If someone asked you “What matters to you?” how would you answer?
I would answer family, friends, health, to do a good job and to take early retirement!
But what about a child? We all make assumptions with children and if we answered for them our answers would probably resonate Xbox’s, phones, mine craft.
BUT you would be very surprised by what they do say when given the chance. The answers are captivating and not as you would expect.
The staff in Ward 15, our paediatric ward, have begun asking children ‘what matters to you?’ and encouraging them to display a poster near to/above their bed.
We noticed themes coming through.
- Having mummy with me
- Smiley doctors and nurses
- Games and toys
- Getting better
- Good food
- TV and DVDs
- Friends and family
But most of all OUR FISH!!!!!
We also noticed some important and personal issues.
- ‘ECG machine is very important as it records your heart beat and is helping to fix my funny turns’
- ‘Important that I know what I am doing when injecting and having decisions explained to me. I am now a diabetic’
- ‘Miss Hawkins knows where to put my Botox!’
- ‘Nurses are very helpful when you are embarrassed’
- ‘Oxygen to help me get better’
These are not just linked to hospital stays – ‘I love to protect our planet.’ And ‘I love to play football’. This was from a girl and I am sure you were sitting thinking this was a typical boy answer!
SO how did this all begin?
Jen Rogers is the paediatric lead nurse for Yorkhill and when she was completing the fellowship for the Scottish Patient Safety Programme she started to think about asking children ‘what matters to you?. This became her improvement project.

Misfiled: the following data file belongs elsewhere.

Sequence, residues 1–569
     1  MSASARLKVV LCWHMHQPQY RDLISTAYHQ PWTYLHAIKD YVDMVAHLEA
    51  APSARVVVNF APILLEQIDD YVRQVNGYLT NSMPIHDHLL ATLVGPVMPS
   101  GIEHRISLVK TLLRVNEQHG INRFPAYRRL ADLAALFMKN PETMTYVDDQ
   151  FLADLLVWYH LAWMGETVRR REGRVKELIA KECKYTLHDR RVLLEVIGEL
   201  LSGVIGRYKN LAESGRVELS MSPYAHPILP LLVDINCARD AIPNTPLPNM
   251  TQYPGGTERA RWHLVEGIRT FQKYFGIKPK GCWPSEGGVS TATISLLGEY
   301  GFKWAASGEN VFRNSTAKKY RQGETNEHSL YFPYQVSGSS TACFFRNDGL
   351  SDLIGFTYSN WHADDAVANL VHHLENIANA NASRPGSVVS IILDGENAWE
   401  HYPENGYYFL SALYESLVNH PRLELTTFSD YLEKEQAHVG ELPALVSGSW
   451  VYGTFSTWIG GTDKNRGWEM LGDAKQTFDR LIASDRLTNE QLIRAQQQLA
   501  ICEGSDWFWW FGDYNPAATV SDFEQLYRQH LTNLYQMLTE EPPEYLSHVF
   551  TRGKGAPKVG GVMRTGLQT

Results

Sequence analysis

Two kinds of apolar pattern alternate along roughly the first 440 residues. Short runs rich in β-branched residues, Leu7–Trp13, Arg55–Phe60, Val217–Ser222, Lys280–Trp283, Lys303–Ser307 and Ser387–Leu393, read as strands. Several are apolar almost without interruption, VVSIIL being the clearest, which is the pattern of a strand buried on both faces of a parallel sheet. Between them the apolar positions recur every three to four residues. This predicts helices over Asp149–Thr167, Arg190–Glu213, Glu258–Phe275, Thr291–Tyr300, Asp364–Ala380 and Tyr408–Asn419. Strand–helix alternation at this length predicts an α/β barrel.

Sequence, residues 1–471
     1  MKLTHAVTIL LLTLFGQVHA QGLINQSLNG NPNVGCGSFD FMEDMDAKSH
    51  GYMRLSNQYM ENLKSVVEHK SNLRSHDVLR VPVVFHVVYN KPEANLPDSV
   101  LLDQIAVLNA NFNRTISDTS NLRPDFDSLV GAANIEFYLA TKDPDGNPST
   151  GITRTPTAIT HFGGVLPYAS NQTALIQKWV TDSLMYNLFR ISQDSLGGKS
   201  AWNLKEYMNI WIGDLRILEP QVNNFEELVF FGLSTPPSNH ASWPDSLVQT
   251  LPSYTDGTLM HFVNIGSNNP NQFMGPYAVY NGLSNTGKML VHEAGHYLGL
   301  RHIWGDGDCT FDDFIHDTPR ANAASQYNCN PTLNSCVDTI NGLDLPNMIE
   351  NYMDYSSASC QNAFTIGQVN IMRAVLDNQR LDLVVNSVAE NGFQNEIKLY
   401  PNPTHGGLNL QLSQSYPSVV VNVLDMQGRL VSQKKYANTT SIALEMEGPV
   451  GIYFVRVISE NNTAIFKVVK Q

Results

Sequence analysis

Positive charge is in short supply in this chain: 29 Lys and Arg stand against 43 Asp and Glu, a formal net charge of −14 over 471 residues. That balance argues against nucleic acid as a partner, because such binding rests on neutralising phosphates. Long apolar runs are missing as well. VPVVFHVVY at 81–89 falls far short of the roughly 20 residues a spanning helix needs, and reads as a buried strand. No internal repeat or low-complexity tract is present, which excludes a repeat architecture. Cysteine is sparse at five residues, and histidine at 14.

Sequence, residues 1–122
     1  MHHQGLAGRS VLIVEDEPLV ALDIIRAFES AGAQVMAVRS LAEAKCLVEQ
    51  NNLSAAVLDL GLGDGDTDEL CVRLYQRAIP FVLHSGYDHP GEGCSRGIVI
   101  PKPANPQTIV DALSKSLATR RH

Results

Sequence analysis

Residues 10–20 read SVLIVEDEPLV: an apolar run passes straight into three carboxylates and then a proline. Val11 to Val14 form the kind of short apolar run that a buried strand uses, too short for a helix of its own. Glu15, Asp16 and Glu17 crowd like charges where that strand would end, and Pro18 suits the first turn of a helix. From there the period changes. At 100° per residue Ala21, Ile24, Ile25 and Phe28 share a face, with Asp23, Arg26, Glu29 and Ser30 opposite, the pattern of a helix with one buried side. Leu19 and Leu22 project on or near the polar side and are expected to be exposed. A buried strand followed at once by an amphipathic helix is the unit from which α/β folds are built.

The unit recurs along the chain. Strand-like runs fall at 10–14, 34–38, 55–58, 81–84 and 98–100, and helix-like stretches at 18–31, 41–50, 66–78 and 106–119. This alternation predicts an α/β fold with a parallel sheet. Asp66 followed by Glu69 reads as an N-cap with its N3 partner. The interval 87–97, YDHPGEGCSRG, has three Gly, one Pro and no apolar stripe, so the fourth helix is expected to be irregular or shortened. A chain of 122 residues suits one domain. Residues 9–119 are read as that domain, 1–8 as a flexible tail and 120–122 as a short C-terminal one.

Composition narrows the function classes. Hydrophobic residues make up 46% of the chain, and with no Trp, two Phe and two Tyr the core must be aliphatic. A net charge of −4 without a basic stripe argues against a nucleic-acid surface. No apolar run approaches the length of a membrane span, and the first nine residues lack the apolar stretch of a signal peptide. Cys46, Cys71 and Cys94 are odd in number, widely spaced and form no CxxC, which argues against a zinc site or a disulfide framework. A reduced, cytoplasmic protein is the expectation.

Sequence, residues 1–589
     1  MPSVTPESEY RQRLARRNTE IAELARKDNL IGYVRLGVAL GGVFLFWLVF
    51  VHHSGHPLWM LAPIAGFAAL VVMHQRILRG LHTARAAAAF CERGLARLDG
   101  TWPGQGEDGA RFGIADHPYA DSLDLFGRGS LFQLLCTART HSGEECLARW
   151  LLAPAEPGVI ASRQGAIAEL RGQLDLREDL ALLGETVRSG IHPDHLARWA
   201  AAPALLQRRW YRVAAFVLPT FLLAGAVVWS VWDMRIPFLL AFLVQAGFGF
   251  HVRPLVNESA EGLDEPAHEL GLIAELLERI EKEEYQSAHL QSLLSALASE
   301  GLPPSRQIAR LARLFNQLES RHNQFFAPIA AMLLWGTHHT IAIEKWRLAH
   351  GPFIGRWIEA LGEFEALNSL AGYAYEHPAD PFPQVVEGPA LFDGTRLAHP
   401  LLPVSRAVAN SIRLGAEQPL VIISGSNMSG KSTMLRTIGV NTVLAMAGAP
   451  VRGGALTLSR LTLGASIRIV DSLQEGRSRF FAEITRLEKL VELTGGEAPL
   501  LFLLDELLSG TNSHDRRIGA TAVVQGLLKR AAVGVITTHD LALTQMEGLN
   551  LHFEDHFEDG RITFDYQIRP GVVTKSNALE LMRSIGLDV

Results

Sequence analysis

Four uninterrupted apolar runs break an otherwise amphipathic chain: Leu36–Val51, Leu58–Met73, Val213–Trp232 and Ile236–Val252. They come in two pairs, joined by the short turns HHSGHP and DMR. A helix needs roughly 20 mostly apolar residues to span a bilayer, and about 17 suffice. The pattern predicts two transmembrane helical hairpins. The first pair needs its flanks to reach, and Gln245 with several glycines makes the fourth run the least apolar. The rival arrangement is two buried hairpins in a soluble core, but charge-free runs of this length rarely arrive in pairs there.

WMTM is 3 step approach.
- Asking what matters
- Listening to what matters
- Doing what matters
This is a very easy way to find out about your patient and their wider world and is particularly important in paediatrics with the focus on GIRFEC (Getting it Right For Every Child). It does not require complex grants and funding as all that is required is pens, paper and commitment.
This is not just the ‘fluffy stuff’. It is linked very well to quality, finance and patient and staff experience – a truly person centred approach.
So with this in mind please ask yourself “What do you know about your patients?” and what matters to them.
With all the competing priorities, new initiatives and increasing work load you may be sitting thinking ‘where will we get the time to do this and will it make a difference?’
Rose’s story will answer this for you. Rose needed a nurse to stay with her at all times as she was a lady with dementia. She was agitated and was at high risk of falling. She was not able to verbalise her worries and this made her care challenging and made her anxious. The ward staff asked Rose’s niece to do a ‘what matters to me?’ From this it was evident that it was her rosary beads that mattered to her, seeing them and feeling them.
Being the ever so neat and tidy nurses we are, with HAI inspections and housekeeping to see to, the beads were nowhere to be seen and were tidied away in Roses drawer out of her reach. The nursing staff had no idea and very quickly made sure that Rose always had her beads. The result was astounding. Rose began to settle and soon after she no longer required 1:1 care because her falls risk dramatically reduced. Why? She was not trying to get out the bed to find her rosary.
SO do you know the story behind your patients? Could the ‘fractured femur’ in bed 6 actually miss her grandchildren dearly and want to have their pictures displayed. Did the ‘man in bed 11 with a UTI fight in WW2? What matters to me lets you know more about the person you are caring for. It has no prescriptive nature and gives them the opportunity to display what matters to them in whichever way they like. We need to flip healthcare and change the question from ‘what’s the matter with you? To ‘what matters to you?’
This allows us to gain a much truer understanding of the people we look after and I challenge you all to ask the next person you care for ‘what matters to you?’.
Caroline Doidge is a Play Specialist on Ward 15 DGRI and Sharron Mcgarva is a Staff Nurse and trainee Improvement Advisor for NHS D&G